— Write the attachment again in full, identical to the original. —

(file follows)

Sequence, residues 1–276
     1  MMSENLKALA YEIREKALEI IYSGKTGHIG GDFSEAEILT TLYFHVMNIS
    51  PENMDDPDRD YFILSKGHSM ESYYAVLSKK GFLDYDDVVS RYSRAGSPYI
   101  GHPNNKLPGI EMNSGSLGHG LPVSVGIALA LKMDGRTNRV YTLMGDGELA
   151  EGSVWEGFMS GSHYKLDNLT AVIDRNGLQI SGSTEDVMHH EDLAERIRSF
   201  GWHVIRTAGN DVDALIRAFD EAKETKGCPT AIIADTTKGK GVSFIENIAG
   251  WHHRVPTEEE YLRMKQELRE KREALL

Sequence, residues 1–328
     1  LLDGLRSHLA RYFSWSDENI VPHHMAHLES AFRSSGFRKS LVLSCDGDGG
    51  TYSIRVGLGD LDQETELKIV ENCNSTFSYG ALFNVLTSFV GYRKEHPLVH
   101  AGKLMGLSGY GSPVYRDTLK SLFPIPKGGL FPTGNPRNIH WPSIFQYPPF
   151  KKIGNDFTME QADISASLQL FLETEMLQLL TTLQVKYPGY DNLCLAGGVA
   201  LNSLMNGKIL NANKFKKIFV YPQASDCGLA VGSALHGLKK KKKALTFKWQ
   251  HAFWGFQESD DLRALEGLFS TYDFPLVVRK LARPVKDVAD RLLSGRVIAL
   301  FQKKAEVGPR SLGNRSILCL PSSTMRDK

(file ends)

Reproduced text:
Sequence, residues 1–276
     1  MMSENLKALA YEIREKALEI IYSGKTGHIG GDFSEAEILT TLYFHVMNIS
    51  PENMDDPDRD YFILSKGHSM ESYYAVLSKK GFLDYDDVVS RYSRAGSPYI
   101  GHPNNKLPGI EMNSGSLGHG LPVSVGIALA LKMDGRTNRV YTLMGDGELA
   151  EGSVWEGFMS GSHYKLDNLT AVIDRNGLQI SGSTEDVMHH EDLAERIRSF
   201  GWHVIRTAGN DVDALIRAFD EAKETKGCPT AIIADTTKGK GVSFIENIAG
   251  WHHRVPTEEE YLRMKQELRE KREALL

Sequence, residues 1–328
     1  LLDGLRSHLA RYFSWSDENI VPHHMAHLES AFRSSGFRKS LVLSCDGDGG
    51  TYSIRVGLGD LDQETELKIV ENCNSTFSYG ALFNVLTSFV GYRKEHPLVH
   101  AGKLMGLSGY GSPVYRDTLK SLFPIPKGGL FPTGNPRNIH WPSIFQYPPF
   151  KKIGNDFTME QADISASLQL FLETEMLQLL TTLQVKYPGY DNLCLAGGVA
   201  LNSLMNGKIL NANKFKKIFV YPQASDCGLA VGSALHGLKK KKKALTFKWQ
   251  HAFWGFQESD DLRALEGLFS TYDFPLVVRK LARPVKDVAD RLLSGRVIAL
   301  FQKKAEVGPR SLGNRSILCL PSSTMRDK